Guitarist Brian May is best known for his work with Queen, having written such seminal anthems as ‘Now I’m Here’, ‘We Will Rock You’ and ‘Hammer to Fall’, but he’s also a formidable musician, having contributed to several sessions as a guest musician. One of the most interesting additions to his c.v. is a guest spot on a Guns ‘ N’ Roses track.
He worked on Chinese Democracy track ‘Catcher In The Rye’ although he later conceded that vocalist Axl Rose chose not to use his contributions and now the guitarist has reflected on the “odd” experience of working with him.
“It was an odd experience,” he admitted to Classic Rock magazine. “I think it was about midway through the whole thing. By that point Axl [Rose, frontman] was pretty much a recluse…He was working in his house, and I was working in the studio at the bottom of the hill with his engineer at the time, and he only rarely came down.”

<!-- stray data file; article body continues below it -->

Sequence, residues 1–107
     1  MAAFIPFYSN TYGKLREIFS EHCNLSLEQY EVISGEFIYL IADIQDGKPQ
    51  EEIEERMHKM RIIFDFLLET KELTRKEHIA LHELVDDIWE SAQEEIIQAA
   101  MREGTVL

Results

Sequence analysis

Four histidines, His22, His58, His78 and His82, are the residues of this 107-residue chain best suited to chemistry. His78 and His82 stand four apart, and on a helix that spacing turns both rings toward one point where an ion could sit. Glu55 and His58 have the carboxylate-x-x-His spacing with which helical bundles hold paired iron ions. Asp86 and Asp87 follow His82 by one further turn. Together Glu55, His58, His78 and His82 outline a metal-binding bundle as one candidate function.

The Queen musician said that the singer would flit from enthusiasm to reclusiveness in a short period of time, and May had to adjust himself to the working methods Rose used. By this point, Rose was the only founding member still performing with Guns ‘N’ Roses, as bandmates Slash and Duff McKagan had left in the 1990s. Some describe Chinese Democracy as a Rose album in all but name, but Slash and McKagan have both spoken favourably about the album. McKagan and Slash rejoined Guns ‘N’ Roses in 2016, and the three men are reportedly working on a new album.
Guns ‘N’ Roses released their first album, Appetite for Destruction, in 1987, and continued to harness their craft into the 1990s. The band were among the most celebrated in hard rock, and later covered Paul McCartney and Wings’ ‘Live and Let Die’. Interestingly, Guns ‘N’ Roses performed at the Freddie Mercury Tribute Concert in 1992.
In other May related news, the guitarist revealed his deep love for The Beatles, feeling that they represented the pinnacle of writing, performing and recording in the realm of rock music. In his interview with Far Out, the guitarist said that he didn’t consider ‘Driven By You’ to be a Beatlesque tune, but felt flattered by the comparison nonetheless.